Multiverse: Extending LLVM by Compiler-Assisted Dynamic Variability

Multiverse is an approach to handle dynamic variability efficiently by means of binary patching. It provides an extension to the C programming language that enables the developer to express dynamic variability in performance-critical paths. With specially annotated config variables, multiverse can generate multiple versions of a function and dynamically binary patch the running system to use the version of the current configuration. The goal is to narrow the gap between dynamic and static variability by allowing the developer to easily employ run-time configurability at zero or low cost.

Previously, Multiverse was implemented as a GCC plugin. However, this comes with various limitations. In consequence of GCC's architecture, changes to the existing code base are tedious and error-prone. To facilitate further research in this area, this limitation has to be fixed.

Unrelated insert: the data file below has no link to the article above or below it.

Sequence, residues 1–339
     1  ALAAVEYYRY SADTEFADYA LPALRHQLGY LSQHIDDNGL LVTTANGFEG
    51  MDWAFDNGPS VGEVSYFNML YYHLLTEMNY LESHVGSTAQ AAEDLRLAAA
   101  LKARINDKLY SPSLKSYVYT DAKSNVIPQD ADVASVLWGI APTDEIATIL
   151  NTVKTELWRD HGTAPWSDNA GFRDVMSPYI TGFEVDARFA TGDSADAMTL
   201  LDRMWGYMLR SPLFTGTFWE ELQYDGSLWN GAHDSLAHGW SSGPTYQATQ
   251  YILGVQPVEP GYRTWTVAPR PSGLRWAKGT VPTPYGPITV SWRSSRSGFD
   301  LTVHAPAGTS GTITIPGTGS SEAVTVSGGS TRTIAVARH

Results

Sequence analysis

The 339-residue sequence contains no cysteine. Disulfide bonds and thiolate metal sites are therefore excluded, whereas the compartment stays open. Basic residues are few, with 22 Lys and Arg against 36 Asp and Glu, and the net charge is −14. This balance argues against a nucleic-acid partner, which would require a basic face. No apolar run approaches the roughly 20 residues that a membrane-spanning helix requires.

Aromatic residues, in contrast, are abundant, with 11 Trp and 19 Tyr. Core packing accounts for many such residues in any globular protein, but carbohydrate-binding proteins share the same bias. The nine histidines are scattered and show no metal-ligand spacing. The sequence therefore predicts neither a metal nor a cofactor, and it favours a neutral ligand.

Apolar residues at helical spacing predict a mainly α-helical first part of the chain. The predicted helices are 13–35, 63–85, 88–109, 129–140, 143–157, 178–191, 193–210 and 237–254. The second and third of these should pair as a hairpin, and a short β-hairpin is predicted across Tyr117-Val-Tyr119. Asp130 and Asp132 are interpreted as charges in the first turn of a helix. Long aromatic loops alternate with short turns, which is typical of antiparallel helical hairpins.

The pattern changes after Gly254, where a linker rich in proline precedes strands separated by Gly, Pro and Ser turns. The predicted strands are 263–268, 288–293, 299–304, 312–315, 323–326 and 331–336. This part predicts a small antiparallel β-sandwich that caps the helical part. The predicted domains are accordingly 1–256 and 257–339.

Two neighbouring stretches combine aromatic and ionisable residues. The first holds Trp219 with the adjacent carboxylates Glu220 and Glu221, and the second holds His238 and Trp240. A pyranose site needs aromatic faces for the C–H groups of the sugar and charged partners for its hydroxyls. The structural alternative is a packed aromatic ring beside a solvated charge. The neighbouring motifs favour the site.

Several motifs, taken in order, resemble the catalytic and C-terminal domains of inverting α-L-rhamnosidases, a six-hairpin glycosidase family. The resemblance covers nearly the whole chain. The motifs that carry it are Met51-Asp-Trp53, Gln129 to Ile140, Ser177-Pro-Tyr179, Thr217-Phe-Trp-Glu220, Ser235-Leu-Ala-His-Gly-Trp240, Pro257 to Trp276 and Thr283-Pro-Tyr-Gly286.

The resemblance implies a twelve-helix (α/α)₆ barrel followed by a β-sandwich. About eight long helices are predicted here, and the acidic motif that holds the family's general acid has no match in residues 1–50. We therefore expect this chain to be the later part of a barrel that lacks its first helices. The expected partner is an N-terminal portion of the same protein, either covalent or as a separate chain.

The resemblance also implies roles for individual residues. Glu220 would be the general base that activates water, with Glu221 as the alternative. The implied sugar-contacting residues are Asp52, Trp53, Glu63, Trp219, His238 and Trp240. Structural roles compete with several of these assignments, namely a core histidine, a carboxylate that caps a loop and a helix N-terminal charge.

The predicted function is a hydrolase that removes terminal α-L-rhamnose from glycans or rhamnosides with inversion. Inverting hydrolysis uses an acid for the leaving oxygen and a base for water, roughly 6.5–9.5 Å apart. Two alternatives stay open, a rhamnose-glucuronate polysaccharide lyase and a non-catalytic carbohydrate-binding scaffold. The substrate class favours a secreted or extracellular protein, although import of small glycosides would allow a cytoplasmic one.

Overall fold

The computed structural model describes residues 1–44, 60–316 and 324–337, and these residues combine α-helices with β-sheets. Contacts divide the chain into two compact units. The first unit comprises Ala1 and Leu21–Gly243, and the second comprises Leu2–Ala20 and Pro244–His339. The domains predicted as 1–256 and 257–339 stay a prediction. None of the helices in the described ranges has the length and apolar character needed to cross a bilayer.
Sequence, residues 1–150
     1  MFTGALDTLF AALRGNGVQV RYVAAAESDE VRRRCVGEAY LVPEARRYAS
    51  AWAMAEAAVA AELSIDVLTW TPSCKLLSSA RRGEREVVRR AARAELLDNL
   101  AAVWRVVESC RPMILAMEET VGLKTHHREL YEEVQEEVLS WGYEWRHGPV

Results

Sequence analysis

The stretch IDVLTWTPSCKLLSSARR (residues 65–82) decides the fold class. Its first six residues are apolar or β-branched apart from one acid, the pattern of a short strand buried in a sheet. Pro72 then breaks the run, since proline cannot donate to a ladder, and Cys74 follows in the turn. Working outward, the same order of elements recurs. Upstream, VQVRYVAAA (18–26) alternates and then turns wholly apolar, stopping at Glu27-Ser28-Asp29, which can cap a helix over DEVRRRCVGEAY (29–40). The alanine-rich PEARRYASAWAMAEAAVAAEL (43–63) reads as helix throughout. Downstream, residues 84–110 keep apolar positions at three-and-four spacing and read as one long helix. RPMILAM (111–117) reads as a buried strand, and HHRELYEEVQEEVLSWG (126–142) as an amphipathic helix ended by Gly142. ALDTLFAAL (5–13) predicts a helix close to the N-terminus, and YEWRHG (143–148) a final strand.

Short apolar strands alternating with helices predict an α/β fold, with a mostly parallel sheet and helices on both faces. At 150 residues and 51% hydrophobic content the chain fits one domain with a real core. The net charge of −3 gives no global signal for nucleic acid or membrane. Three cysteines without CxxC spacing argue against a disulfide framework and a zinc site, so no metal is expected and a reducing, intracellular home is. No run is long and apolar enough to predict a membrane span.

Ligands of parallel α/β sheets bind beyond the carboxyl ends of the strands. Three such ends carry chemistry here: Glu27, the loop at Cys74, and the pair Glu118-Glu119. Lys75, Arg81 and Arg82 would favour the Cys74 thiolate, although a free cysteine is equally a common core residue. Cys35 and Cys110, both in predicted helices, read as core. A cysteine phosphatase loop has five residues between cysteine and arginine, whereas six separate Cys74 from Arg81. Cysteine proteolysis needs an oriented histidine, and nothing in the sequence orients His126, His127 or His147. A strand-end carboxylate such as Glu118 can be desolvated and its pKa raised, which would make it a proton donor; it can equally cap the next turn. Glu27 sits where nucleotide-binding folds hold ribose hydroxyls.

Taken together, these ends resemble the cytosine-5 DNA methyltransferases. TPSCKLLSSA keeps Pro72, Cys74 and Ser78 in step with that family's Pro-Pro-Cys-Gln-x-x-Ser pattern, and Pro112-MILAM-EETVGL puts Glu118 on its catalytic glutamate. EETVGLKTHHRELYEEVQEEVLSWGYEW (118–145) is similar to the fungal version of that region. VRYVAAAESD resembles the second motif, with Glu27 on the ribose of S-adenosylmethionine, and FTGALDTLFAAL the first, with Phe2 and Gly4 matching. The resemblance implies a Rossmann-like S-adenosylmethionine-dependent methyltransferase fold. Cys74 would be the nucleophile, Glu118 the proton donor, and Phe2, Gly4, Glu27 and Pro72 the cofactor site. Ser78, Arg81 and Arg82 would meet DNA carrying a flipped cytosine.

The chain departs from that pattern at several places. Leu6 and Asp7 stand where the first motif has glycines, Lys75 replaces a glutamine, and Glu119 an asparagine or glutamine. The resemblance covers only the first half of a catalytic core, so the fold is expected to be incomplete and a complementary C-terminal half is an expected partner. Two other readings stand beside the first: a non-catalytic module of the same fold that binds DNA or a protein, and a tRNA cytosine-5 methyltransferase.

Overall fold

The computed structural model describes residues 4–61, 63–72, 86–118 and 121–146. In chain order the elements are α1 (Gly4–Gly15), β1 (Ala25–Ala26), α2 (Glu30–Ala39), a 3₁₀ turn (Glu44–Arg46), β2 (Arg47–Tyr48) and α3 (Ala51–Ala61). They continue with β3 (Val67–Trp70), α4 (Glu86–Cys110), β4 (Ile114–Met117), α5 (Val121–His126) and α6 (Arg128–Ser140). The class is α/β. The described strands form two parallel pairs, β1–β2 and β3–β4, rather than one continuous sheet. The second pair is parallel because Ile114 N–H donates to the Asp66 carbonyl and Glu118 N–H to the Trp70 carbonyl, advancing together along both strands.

The goal of this thesis is to rewrite the compiler plugin using LLVM. Using a combination of a Clang plugin and an LLVM pass, the function of the existing GCC plugin must be reimplemented, ideally resulting in a binary compatible with the existing Multiverse run-time. Afters this task is completed, the new implementation can be evaluated against the old one.

EuroSys Conference A
Multiverse: Compiler-Assisted Management of Dynamic Variability in Low-Level System Software
Florian Rommel, Christian Dietrich, Michael Rodin, Daniel LohmannFourteenth EuroSys Conference 2019 (EuroSys '19)ACM Press2019.
PDF Slides 10.1145/3302424.3303959 [BibTex]
DSPL Workshop
Function Multiverses for Dynamic Variability
Valentin Rothberg, Christian Dietrich, Alexander Graf, Daniel LohmannFoundations and Applications of Self* Systems2016.
PDF [BibTex]